Osteoporosis Canada mentions bisphosphonates first in its online list of medications to treat the disease. The website, which provides information to those with osteoporosis, says the medications are effective at reducing fractures and increasing bone density. A section on side effects lists problems such as nausea or joint pain, but makes brief mention of the fact atypical femoral fractures and osteonecrosis of the jaw have been reported.

"These are valuable drugs that have been shown to reduce the risk of fracture," said Aliya Khan, an osteoporosis specialist and member of the society's scientific advisory council.

While Dr. Khan acknowledges that bisphosphonates shouldn't be prescribed as widely as they once were, she said the evidence they help most women is overwhelming.

"All the scientific communities are united in agreement with the fact bisphosphonates are clearly of benefit," she said. "The bottom line is that everybody agrees, after five years of use [in an individual patient] we should review the use of these medications."

But that's the problem: not everyone is in agreement.

In fact, a growing number of researchers studying bisphosphonates say there is little reason for many older women, including those with osteoporosis, to take them.

Jim Wright, managing director and chair of the Therapeutics Initiative, an independent drug review body at the University of British Columbia, reviewed the evidence on bisphosphonates and concluded "there are no clinically meaningful benefits for bisphosphonates in postmenopausal women" with no history of fractures or vertebral compression.

"There's really no proven benefit in women who just have a low bone mineral density. That's probably the bulk of women who are getting it," Dr. Wright said.

Dr. Rosen, a bone specialist, said he believes some women can benefit from the drugs, but that they're a select group: women over age 65 who have either previously suffered a fracture or who have very low bone density. The big question now facing researchers is how long this group of women should take the medications. Dr. Rosen said it's becoming clearer that women don't need to be on the drugs for long, as they continue to provide protection even after a person goes off them.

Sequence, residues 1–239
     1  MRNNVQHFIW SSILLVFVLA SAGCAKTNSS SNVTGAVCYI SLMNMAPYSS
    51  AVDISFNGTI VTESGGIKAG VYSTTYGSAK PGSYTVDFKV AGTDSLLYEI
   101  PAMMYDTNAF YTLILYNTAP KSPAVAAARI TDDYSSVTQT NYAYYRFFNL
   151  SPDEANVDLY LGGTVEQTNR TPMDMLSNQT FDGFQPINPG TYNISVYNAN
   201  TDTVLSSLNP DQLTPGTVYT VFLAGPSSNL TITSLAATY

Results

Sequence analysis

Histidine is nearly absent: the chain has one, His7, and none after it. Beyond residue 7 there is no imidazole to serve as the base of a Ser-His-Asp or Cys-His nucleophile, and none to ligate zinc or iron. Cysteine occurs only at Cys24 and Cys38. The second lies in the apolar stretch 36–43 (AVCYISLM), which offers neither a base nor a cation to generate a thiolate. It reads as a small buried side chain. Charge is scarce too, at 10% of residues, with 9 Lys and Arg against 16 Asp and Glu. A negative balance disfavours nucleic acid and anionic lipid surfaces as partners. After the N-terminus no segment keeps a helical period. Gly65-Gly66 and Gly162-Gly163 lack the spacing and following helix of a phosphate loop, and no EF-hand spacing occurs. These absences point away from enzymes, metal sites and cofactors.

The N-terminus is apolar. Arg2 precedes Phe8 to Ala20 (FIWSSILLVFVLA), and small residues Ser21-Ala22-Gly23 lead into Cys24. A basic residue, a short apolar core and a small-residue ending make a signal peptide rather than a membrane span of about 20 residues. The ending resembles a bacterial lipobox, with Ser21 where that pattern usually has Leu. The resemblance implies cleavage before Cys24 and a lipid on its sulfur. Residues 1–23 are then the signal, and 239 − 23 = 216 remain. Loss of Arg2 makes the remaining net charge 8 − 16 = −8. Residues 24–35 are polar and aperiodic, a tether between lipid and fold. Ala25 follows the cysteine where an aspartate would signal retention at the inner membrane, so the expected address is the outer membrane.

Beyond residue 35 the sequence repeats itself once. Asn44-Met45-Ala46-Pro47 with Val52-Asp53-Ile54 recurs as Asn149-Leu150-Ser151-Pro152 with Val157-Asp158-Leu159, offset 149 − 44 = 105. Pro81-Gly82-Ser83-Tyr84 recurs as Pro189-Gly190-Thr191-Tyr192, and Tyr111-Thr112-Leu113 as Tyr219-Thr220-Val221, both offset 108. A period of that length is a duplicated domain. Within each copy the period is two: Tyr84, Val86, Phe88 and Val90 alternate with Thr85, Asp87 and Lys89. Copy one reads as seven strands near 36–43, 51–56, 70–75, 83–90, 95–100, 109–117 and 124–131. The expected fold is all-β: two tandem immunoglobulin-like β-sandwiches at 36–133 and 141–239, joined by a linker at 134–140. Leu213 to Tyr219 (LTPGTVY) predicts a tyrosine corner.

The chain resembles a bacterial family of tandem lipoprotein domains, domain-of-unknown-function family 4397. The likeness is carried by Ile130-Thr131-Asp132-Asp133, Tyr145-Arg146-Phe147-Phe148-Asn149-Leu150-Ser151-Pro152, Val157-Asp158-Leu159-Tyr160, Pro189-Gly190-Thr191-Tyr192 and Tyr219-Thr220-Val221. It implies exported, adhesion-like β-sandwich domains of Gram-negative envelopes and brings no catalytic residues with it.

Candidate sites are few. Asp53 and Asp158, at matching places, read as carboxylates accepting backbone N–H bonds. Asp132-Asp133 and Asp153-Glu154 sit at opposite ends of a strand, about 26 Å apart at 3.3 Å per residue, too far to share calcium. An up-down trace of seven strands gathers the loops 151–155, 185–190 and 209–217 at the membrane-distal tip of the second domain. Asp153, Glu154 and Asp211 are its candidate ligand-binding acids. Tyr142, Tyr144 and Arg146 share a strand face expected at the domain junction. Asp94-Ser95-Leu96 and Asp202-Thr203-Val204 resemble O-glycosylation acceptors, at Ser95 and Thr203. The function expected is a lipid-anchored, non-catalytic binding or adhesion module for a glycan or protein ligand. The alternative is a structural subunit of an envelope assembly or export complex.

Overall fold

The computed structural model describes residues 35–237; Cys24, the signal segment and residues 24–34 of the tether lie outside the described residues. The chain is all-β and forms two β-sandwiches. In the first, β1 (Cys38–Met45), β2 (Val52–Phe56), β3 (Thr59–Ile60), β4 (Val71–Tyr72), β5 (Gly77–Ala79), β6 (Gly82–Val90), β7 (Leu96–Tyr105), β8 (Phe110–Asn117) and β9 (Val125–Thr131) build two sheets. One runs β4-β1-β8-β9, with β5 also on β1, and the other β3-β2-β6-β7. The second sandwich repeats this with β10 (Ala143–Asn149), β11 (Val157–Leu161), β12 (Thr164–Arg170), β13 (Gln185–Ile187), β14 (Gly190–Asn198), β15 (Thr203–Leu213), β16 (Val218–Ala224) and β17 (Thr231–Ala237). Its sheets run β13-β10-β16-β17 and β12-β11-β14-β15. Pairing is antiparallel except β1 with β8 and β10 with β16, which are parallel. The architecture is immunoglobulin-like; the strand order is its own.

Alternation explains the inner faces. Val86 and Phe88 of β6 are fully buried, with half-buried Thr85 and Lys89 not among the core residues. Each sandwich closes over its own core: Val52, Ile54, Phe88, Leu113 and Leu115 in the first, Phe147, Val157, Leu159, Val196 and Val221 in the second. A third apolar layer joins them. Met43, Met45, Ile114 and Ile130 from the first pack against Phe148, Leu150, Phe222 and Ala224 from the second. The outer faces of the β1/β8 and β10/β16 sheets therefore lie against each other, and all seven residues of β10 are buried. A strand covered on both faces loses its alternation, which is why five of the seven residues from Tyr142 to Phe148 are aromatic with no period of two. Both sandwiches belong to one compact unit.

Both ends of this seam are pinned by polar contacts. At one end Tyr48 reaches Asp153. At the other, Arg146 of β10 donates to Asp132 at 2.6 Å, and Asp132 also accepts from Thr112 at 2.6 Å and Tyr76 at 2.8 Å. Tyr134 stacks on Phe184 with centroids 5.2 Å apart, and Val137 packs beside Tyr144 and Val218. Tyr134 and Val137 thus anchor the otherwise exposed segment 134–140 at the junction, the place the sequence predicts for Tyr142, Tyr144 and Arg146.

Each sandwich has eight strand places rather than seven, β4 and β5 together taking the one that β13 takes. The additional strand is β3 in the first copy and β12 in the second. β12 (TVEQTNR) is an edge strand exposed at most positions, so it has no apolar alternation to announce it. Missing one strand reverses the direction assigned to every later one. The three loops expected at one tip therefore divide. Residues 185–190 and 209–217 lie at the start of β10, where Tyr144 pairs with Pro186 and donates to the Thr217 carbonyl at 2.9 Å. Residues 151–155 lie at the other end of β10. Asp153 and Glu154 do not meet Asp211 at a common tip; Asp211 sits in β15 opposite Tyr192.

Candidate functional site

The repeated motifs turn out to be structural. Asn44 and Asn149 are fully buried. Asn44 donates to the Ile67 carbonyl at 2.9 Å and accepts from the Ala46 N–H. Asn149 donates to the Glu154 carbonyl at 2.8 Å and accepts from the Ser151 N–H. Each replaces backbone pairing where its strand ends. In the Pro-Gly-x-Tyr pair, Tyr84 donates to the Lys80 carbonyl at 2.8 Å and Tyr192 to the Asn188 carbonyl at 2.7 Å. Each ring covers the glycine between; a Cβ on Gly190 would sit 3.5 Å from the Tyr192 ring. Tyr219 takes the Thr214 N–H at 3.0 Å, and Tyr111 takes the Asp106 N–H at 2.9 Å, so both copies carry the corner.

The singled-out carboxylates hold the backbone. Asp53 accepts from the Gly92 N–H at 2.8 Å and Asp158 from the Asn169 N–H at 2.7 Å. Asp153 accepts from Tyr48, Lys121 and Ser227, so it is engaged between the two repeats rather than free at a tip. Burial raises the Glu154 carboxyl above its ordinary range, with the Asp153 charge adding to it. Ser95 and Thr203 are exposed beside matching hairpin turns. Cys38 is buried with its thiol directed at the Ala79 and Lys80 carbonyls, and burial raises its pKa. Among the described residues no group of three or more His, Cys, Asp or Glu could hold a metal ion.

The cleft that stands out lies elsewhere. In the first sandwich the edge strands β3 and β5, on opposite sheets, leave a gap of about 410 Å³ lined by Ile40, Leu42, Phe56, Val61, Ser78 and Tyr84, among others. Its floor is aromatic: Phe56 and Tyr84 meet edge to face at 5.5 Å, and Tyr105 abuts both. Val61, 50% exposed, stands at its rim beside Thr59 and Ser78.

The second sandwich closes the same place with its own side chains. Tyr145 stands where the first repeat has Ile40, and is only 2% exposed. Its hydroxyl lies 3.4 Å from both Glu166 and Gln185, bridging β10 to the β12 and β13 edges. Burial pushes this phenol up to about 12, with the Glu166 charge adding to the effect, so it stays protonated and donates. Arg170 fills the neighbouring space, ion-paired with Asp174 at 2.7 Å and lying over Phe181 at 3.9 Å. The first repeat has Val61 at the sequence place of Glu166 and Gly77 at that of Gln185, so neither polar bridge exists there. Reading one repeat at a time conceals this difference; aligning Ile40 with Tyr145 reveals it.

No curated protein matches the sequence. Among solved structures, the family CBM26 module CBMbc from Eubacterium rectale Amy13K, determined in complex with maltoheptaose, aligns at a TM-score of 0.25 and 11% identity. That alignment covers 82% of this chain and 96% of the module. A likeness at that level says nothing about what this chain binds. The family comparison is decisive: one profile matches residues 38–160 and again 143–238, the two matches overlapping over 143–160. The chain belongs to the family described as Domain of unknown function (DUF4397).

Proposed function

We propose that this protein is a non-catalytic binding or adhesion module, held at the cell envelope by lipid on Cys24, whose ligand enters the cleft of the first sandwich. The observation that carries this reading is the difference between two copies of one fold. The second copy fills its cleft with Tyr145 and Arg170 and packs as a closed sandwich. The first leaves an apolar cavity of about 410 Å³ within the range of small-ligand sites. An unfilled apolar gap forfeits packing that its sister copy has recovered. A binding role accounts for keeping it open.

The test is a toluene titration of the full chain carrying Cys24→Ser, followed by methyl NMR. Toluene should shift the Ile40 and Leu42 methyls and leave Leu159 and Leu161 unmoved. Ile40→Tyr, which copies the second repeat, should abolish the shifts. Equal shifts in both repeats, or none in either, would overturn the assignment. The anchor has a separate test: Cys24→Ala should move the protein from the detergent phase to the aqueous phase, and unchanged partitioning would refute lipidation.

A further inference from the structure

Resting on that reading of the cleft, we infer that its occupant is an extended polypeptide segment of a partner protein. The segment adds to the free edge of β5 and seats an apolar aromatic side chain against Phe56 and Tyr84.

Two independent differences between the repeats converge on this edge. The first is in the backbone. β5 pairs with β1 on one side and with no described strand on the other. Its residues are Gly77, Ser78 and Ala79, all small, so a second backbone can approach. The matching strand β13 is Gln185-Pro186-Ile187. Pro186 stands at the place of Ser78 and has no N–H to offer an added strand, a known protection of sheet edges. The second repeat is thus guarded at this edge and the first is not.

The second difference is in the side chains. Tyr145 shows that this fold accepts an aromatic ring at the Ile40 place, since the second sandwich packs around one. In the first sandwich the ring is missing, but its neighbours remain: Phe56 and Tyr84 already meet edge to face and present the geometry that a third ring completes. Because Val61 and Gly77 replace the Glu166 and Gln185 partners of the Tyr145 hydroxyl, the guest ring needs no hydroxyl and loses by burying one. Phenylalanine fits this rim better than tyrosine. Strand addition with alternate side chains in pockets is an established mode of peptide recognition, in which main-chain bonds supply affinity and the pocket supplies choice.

"If you've been on a drug for three to five years and you haven't had any fractures and bone density is better, it's time to talk to your doctor. It's very likely you can come off the drug," he said.

However, he isn't surprised the message bisphosphonates should be prescribed to a smaller group of women for a shorter period of time isn't quickly taking hold.

"I think there's such an established thinking process's hard to waver from a bottom line message which has been out here for a long time," Dr. Rosen said.

Merck, the drugmaker that sells Fosamax, declined to respond to questions. In an e-mail statement, the company said the drug has been proven effective at treatment and prevention of osteoporosis in patients with a heightened fracture risk for up to 10 years. But the company noted the "optimal duration" of use of the drug hasn't been established.

"How long they need to be on [bisphosphonates] is the biggest question," Dr. Rosen said. "That's what people want to know."

Bisphosphonate use in Canada

Bisphosphonates are the most widely-prescribed osteoporosis drugs in Canada. Here is a breakdown of how many prescriptions for some of the major bisphosphonates (generic and brand name versions of the drugs are available in Canada) retail pharmacies dispensed in 2011.

  • Risedronate (generic name for Actonel): 3.4 million
  • Alendronate (generic name for Fosamax): 2.8 million
  • Etidronate (generic name for Didronel): 5,943
  • Zoledronic acid (generic name for Aclasta): 32,154